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Community and Q&A

Fireplace in a Near Passive House

nynick | Posted in Green Building Techniques on

We will be totally renovating our 150 year old house with passive house standards in mind, so air leaks are the #1 priority. As if this isn’t difficult enough, we have a fireplace in the living room with a nice looking brick chimney on the outside. The chimney has two flues to also accommodate the furnace in the basement. We will be removing the furnace during the renovation.
So what do I do with this fireplace? I know they make operable caps for the flue that you can open for fires, but I’m guessing they don’t seal very well. I suppose I could install a gas unit but they have exhaust vents as well.

What do you guys suggest?

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  1. user-2310254 | | #1


    This doesn't answer your questions but... Shooting for passive house efficiency is admirable, but it is probably more realistic to target a pretty good level of performance. If you search for "pretty good house," you'll find lots of useful information that should be relevant to your renovation.

  2. nynick | | #2

    Yes, I'll be trying for "pretty good". House is old so that's about all I can hope for.

  3. pico_project | | #3

    We have rural farm house with the same fireplace and flue setup. Since getting a wood stove we don't use it, and really never used it prior. Totally worthless for heat, sucks air out of the house and makes a full wall unusable in the living room.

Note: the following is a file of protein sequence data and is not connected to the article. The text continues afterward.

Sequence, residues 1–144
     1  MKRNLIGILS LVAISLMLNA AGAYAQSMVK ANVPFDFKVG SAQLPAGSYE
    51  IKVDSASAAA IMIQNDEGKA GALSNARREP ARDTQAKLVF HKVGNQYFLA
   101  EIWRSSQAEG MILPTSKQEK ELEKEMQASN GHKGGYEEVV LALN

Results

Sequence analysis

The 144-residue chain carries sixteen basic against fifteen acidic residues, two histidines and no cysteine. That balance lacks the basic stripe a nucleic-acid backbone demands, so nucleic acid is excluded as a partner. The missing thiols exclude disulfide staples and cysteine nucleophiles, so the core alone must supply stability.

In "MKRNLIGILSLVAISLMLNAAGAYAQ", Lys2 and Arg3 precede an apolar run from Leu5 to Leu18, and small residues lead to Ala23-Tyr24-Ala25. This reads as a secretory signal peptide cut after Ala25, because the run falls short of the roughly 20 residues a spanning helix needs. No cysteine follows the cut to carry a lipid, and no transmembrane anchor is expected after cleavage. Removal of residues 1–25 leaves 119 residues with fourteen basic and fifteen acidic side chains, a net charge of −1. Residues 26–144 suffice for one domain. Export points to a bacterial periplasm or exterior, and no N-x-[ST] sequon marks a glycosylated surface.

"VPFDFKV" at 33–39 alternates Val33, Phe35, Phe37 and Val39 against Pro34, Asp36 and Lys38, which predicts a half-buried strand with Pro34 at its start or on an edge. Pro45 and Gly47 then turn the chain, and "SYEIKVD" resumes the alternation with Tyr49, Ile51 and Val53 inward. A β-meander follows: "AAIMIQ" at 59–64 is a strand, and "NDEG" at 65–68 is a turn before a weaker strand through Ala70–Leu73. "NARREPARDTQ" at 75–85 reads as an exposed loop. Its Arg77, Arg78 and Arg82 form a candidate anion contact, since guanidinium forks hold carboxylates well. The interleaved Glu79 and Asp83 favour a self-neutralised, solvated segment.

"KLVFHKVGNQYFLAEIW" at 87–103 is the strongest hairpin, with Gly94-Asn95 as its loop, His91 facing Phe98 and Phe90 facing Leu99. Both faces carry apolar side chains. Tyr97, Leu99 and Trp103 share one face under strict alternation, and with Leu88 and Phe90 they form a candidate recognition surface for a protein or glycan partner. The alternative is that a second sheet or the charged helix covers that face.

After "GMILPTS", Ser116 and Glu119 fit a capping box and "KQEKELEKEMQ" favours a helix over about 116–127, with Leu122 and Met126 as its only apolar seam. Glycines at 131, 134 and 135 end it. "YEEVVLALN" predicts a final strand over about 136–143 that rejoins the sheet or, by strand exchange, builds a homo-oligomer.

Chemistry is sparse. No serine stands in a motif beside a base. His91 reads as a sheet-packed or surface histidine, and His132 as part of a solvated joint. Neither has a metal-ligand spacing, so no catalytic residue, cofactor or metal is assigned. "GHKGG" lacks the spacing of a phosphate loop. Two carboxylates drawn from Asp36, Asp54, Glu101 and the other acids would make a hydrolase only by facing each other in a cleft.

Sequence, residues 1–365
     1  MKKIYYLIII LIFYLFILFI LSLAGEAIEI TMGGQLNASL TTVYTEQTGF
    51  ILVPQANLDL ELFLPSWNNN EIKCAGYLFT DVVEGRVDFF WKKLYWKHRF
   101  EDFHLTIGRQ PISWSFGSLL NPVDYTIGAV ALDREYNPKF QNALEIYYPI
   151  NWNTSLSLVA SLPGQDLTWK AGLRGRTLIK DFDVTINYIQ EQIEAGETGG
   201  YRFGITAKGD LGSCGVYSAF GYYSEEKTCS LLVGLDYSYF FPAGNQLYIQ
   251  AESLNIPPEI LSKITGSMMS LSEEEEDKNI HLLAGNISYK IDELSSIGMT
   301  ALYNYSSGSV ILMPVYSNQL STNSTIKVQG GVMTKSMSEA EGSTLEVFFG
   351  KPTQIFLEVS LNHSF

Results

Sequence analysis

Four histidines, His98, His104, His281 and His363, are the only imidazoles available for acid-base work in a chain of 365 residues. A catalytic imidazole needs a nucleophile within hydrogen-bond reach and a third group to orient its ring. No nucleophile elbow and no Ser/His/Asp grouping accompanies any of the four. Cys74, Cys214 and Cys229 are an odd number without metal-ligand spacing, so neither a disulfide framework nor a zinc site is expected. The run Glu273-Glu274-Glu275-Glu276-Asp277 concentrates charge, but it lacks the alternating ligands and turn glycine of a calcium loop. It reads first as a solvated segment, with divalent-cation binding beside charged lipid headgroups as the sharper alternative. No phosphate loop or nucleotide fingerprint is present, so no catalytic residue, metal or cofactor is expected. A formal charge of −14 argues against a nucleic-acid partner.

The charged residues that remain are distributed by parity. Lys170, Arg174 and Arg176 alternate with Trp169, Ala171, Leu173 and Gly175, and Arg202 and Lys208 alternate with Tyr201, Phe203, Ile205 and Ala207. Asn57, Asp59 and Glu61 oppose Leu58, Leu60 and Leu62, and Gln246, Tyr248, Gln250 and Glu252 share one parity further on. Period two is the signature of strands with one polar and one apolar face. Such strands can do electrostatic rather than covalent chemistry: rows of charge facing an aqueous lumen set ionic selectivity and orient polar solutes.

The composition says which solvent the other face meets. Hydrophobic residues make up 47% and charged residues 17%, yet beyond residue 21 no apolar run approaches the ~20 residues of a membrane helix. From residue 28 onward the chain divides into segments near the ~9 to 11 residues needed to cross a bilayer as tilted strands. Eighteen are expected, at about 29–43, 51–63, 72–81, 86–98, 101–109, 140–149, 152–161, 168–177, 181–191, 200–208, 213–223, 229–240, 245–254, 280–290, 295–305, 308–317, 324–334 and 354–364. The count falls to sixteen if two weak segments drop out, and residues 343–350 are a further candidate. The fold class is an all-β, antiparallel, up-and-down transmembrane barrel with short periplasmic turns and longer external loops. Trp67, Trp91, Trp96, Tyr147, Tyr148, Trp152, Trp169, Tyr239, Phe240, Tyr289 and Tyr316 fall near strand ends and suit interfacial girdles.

Our new house in town is a mid century design and also had a fireplace. We were doing a full renovation and at the opportunity I didn't think twice about getting rid of it.

    Wood stoves are great, fireplaces are 100% for looks. If that's not your thing then get rid of it.

    1. anonymoususer | | #4

      What about a fully sealed fireplace insert that comes with outdoor air kit so u r not depending on indoor air? You can probably get a damper that closes when not in use. If you want the ambiance of a fire, choose an insert with a viewing panel. We are in the process of switching to air source heat pumps from oil furnace. We plan to keep our fireplace insert because our community suffers outages each winter that last several days. We have a gas-fed generac generator but find it easier to heat with the log-fed fireplace insert during outages instead of using generator to run furnace (or in future, air source heat pumps)

  4. nynick | | #5

    Thanks to everyone so far. I've burned wood in my other home for 40 years so....

    I looked at inserts. They are so ugly they would detract from the room. My fireplace is really not that large but is a visual centerpiece. Getting rid of it isn't an option.
    The operable top flue caps are an option, but so far I've only found two and neither has the greatest reviews. Plus, I don't trust their sealing capabilities for an 'airtight' house. Unfortunately, I think that's the way I might have to go unless others chime in with better solutions.

  5. GBA Editor
    Kiley Jacques | | #6

    I have just the video for you: Dealing With Fireplaces and Energy Efficiency. “The team was able to save a beautiful stone chimney by isolating it from the inside of the house with insulation and adding a special Passive House–certified sealed fireplace insert.”

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